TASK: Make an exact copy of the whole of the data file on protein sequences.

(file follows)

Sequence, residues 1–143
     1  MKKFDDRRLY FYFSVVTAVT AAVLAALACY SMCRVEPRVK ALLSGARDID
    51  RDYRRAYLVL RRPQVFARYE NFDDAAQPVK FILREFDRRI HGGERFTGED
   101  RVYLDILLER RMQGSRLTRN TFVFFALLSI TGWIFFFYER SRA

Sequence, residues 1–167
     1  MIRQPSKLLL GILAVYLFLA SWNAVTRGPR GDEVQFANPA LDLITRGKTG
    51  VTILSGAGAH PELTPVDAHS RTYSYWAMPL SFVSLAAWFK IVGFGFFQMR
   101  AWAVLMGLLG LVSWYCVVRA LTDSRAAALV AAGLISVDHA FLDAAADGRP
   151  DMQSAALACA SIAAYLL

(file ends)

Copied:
Sequence, residues 1–143
     1  MKKFDDRRLY FYFSVVTAVT AAVLAALACY SMCRVEPRVK ALLSGARDID
    51  RDYRRAYLVL RRPQVFARYE NFDDAAQPVK FILREFDRRI HGGERFTGED
   101  RVYLDILLER RMQGSRLTRN TFVFFALLSI TGWIFFFYER SRA

Sequence, residues 1–167
     1  MIRQPSKLLL GILAVYLFLA SWNAVTRGPR GDEVQFANPA LDLITRGKTG
    51  VTILSGAGAH PELTPVDAHS RTYSYWAMPL SFVSLAAWFK IVGFGFFQMR
   101  AWAVLMGLLG LVSWYCVVRA LTDSRAAALV AAGLISVDHA FLDAAADGRP
   151  DMQSAALACA SIAAYLL